Dr. David Park has spent countless hours exploring how deactivating a gene impacts the way a cell handles the very nutrients it needs for its own survival and proper function. To Park and his research team, it’s an essential piece of the puzzle that is Parkinson’s disease.
Parkinson’s affects 10 million people worldwide, causing a degeneration of the body’s nerve cells and a progressive loss of motor control.
Deteriorating memory function is a scary, life changing symptom associated with Alzheimer’s disease (AD) – a neurodegenerative disease exhibited by cognitive declines such as speech, behaviour and thinking processes. Even though it is the most common form of dementia and the prevalence is continuously rising, there is no cure. While there are medications to help with symptoms, the disease ultimately results in mortality.
Researchers from the McGill Group for Suicide Studies, based at the Douglas Mental Health University Institute and McGill University’s Department of Psychiatry, have just published research in the American Journal of Psychiatry that suggests that the long-lasting effects of traumatic childhood experiences, like severe abuse, may be due to an impaired structure and functioning of cells in the anterior cingulate cortex. This is a part of the brain which plays an important role in the regulation of emotions and mood.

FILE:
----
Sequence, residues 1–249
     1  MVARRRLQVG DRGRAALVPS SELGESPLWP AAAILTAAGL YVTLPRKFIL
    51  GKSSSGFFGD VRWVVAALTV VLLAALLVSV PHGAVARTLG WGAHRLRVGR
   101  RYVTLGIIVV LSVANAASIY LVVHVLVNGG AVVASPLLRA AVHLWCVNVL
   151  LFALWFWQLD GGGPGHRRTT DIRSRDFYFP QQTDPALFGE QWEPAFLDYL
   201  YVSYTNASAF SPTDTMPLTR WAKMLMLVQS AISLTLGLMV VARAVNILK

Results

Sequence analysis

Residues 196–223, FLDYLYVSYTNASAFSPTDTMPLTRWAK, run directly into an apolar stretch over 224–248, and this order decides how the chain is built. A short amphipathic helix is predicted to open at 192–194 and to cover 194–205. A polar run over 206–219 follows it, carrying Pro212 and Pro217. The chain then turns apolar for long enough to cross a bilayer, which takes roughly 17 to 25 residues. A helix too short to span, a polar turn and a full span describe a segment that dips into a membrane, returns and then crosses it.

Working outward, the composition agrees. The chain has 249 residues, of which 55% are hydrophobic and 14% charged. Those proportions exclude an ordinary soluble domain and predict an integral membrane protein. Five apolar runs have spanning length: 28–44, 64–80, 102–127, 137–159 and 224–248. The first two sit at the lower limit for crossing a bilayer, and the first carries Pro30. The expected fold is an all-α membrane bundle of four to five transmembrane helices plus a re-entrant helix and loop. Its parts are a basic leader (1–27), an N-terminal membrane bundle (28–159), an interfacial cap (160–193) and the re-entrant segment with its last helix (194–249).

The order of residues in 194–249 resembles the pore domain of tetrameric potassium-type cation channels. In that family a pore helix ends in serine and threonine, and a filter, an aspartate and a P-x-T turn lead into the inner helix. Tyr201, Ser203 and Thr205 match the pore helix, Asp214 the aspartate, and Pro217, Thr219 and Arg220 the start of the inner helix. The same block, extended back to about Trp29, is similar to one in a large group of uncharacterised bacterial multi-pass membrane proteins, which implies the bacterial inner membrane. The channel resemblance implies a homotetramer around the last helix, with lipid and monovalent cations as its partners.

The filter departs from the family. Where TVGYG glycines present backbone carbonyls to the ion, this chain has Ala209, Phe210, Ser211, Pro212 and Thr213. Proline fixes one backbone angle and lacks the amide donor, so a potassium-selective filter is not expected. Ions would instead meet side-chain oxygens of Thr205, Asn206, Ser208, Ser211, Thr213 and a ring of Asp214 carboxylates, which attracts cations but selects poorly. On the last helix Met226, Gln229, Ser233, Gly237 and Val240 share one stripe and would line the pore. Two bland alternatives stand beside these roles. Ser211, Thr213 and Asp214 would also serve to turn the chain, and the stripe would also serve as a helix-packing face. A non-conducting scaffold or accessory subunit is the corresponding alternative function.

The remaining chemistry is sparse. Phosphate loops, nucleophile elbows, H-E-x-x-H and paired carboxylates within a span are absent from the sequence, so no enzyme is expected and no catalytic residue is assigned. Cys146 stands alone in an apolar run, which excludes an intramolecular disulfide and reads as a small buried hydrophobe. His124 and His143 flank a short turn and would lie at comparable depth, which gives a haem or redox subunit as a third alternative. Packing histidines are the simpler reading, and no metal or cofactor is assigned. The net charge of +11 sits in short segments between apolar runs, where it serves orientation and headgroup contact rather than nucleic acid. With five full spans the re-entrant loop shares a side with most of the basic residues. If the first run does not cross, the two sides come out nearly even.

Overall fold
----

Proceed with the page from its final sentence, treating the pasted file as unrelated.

New research from the Djavad Mowafaghian Centre for Brain Health asks: Can “good” cholesterol protect against age-related cognitive decline? A trio of papers from researchers in Dr. Cheryl Wellington’s lab illustrate new context for the role of high-density lipoproteins (HDL) – commonly described as good cholesterol – in protecting the brain against disease.
Major depression affects the expression of genes in the brains of women and men differently
Major depression presents itself quite differently in women and men, and this dimorphism would have genomic foundations, suggests a study that has just been published in Nature Medicine. According to the first author of this study, Benoit Labonté of the CERVO Brain Research Centre at Université Laval, these differences are such that the search for new antidepressants would benefit from targeting mechanisms specific to each sex.